Thursday, February 12, 2009

Quatrefoil Shrug Updates

The Quatrefoil Shrug pattern has just been updated by the designer and is now back on the website for sale. If you have an earlier version of this pattern please email us at laura@theuniquesheep.com for an updated copy. Thank you!

Also, I just made the shrug for myself and I used our new organic Green Sheep Sport. My gauge was right on and it turned out great!

Introducing....Grace's Gift

When the designer behind Elizabeth Nicole Designs found out that her sister was pregnant, she decided it was time for a new baby blanket pattern. Less than a year later Grace was born and, of course, there was a hand crochet blanket ready to wrap her in!

Grace's Gift is crocheted using Super Wool and an "I" size hook, making it a speedy project. The lace pattern is so pretty that I am tempted to keep one on the back of my recliner for when I just want a little something to snuggle with but don't need the warmth of a full afghan!

Tuesday, February 10, 2009

Supporting our Designers

Lately several of the big voices in knitting pattern design (Shannon Okey, Annie Modesitt, Ysolda Teague) have been talking a lot about how designers are compensated for their creative work. You can read their posts by following the links from their names above to get the full story. A lot of what they have talked about has been focused on magazines, but it made me think about how The Unique Sheep treats our designers. And I thought you might be interested in a bit of a behind the scenes look, too. It is very important to Kelly and I that our designers be treated fairly and we do everything we can to compensate them as best we can and support them in every way possible.We love working with new designers who are just getting started publishing. Sometimes this means that we start working with a designer and then their lives change and we never hear from them again. Often it means that the patterns need a lot of editing and gentle encouragement to get them up to 'professional' standards. But it also means that we have the joy of seeing designers grow, and knowing that, at least in a small way, we were part of that growth. Because new designers often don't have the resources to test their patterns and format them in a professional manner, we find and pay test knitters, provide yarn for test knitting and samples, and provide photography and pattern formatting assistance if needed. We also take care of printing. 

 Our policy is pretty simple, everytime we sell a pattern on our website or to one of our yarn shops (online or LYS), the designer gets paid half the retail value of the pattern. If you are familiar with the yarn business, that means that when we sell patterns to yarn shops we do not make a profit. We may take 25 or 50 cents per pattern to cover printing costs, but otherwise ALL the money that the LYS gives us for the pattern goes right in to the pocket of the designer. Often small designers do not have the time or connections to get their patterns into LYS on their own, nor would they be paid more by the LYS if they were to do so. Compared to the 10% that magazines often pay, we are pretty proud of our 50-100%. We probably don't pay as much, in total, as others but we do pay as much as we can. And the more a pattern sells, the more we are able to pay our designers. Its as simple as that.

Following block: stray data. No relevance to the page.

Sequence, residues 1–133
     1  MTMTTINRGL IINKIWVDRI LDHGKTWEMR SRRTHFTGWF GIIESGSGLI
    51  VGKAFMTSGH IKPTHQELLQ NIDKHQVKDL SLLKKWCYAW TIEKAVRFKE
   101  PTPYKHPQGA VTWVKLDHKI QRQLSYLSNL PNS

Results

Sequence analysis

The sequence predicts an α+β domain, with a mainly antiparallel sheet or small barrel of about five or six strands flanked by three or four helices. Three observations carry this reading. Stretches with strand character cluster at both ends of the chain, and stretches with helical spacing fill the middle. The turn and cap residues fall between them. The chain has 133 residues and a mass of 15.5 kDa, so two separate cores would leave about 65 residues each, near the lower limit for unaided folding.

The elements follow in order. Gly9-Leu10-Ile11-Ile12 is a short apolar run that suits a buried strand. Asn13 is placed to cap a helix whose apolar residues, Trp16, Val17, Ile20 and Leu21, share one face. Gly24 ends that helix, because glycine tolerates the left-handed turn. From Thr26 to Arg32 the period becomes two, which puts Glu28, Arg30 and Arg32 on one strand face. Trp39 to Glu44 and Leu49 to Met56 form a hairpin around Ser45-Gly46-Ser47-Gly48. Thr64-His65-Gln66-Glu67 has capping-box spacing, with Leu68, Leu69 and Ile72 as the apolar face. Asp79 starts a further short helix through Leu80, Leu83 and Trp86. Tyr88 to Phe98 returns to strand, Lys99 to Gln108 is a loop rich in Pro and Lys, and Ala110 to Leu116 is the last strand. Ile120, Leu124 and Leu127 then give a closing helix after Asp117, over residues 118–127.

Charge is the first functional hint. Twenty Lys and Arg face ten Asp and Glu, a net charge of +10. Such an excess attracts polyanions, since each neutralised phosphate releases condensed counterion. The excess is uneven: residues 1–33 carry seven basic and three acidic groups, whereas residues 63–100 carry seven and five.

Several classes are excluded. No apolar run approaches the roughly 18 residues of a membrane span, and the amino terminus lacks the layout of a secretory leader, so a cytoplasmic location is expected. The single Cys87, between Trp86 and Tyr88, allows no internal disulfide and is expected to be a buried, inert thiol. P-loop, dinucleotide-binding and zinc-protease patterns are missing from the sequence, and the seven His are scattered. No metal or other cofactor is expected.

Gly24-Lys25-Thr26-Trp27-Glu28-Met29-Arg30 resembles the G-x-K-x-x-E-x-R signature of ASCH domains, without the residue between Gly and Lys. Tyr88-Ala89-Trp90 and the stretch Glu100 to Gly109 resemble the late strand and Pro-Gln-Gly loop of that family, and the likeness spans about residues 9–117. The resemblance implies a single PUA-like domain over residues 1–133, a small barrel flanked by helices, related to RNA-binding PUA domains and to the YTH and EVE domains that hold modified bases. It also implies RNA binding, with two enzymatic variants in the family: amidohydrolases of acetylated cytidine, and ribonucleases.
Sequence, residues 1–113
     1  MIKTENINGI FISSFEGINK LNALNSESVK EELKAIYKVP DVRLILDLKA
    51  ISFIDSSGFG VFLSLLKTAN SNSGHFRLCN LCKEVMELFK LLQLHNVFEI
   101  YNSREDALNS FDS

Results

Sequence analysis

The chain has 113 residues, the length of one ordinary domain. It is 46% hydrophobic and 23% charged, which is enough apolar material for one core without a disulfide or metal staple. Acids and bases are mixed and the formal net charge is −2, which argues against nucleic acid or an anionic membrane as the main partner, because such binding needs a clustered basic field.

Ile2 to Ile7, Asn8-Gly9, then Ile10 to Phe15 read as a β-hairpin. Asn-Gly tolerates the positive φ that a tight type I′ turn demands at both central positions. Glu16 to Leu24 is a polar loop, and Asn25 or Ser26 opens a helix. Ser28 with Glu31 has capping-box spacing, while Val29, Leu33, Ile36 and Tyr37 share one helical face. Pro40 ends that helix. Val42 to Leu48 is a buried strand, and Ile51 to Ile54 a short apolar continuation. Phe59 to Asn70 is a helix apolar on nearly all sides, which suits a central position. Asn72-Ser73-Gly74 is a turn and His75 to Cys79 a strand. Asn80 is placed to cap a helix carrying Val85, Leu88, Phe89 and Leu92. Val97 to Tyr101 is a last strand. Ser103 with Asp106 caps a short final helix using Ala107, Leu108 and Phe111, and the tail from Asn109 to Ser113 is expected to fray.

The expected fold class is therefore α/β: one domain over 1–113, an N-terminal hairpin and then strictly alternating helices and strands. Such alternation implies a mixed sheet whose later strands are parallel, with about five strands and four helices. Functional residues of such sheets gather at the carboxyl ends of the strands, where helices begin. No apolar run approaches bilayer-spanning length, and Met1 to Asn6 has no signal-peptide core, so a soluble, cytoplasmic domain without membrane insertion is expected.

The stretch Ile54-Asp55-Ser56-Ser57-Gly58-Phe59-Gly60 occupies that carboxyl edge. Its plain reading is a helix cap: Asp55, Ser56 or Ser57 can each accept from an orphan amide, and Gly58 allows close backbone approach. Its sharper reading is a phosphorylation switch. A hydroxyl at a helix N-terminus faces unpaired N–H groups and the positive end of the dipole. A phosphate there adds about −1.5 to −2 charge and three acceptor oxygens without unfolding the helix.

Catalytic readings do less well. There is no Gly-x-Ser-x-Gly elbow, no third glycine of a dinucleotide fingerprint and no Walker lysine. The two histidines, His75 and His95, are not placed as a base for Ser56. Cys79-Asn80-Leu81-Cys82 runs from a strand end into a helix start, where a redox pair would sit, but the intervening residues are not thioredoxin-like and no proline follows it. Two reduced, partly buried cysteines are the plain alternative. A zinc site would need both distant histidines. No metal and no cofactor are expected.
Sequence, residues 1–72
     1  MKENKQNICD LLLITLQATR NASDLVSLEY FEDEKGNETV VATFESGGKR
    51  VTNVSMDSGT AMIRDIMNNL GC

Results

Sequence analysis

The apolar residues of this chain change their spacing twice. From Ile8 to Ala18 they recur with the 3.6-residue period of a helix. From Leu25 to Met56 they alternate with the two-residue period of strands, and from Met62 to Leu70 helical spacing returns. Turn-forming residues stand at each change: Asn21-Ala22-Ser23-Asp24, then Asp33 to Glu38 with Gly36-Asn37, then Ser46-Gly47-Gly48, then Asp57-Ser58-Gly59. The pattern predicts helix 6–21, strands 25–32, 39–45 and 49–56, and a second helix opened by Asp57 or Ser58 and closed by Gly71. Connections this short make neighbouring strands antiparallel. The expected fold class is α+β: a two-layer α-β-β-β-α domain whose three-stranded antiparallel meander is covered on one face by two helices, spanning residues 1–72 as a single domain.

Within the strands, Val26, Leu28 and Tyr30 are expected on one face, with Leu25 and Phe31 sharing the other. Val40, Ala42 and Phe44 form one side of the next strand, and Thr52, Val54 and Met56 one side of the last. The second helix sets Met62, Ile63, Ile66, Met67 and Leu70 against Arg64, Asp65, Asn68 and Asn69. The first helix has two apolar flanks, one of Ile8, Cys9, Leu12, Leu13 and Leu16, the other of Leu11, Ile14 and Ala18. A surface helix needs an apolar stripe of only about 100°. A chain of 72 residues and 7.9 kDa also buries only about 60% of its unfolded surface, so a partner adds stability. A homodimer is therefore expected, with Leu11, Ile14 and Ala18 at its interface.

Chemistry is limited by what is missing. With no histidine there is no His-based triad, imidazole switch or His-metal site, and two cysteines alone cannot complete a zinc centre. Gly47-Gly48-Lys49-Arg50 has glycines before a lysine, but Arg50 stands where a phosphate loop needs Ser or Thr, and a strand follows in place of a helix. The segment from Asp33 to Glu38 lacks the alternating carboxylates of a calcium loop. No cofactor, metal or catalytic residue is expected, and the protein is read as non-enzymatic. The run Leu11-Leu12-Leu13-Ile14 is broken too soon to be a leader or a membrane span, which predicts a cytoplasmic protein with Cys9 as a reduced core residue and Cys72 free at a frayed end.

The other big issue, aside from payment, is pattern rights. Sometimes a designer has to sell the rights to her pattern to the publisher which means that she cannot publish the pattern on her own, even if the pattern is no longer available from the publisher (i.e. in a past magazine issue, out of print book or defunct website). Thats not how we work, though.  Our designers keep the rights to their patterns. They can sell them on their own websites or through Ravelry. They can even sell them to other yarn shops or online retailers. We only ask that they never give them away for free without talking to us first and that they include a note about our yarn in the materials section. 

Though Kelly and I both enjoy designing and have designed a number of patterns for our yarns, we don't have nearly enough time or skill (speaking for myself) to do it all ourselves. And so our designers are invaluable to us. They are a constant source of inspiration to me, and I am so honored to have the chance to work with them. I just hope that once they all become famous 'big name' designers they won't forget about the little yarn company that believed in them before everyone knew their names. :)

Ivy's Bombadil Socks

Maybe I'm a little bit silly and sentimental, but whenever I see our yarn out there in the big wide world its a tiny bit like seeing an old friend. I want to go up to it and say "How have you been? Has life been treating you alright? What have you seen since we last were together?" Maybe that's one of the reasons I love it when you all post your projects on your blogs or on Ravelry.

Today one of our customers, Ivy, posted pictures of her recently completed Bombadil socks on her blog, along with some helpful tips about binding off toe-up socks using the sewn bind off method. The Bombadil colorway is a bright, variegated colorway and, because of the nature of handpainted yarns, those colorways are always exciting to knit up. Depending on your gauge and the size of your project, they might stripe, be totally random or pool in interesting ways. Its as much about the knitter as it is about the dyer. So its a real treat for us to see what happens when our yarn and your hands work together to create something new!

Monday, February 9, 2009

The Valentines Day Gift that Keeps on Giving!

Chocolates go right to your thighs, flowers end up in the trash. This year, how about a Valentines Day present that you can both enjoy for months to come?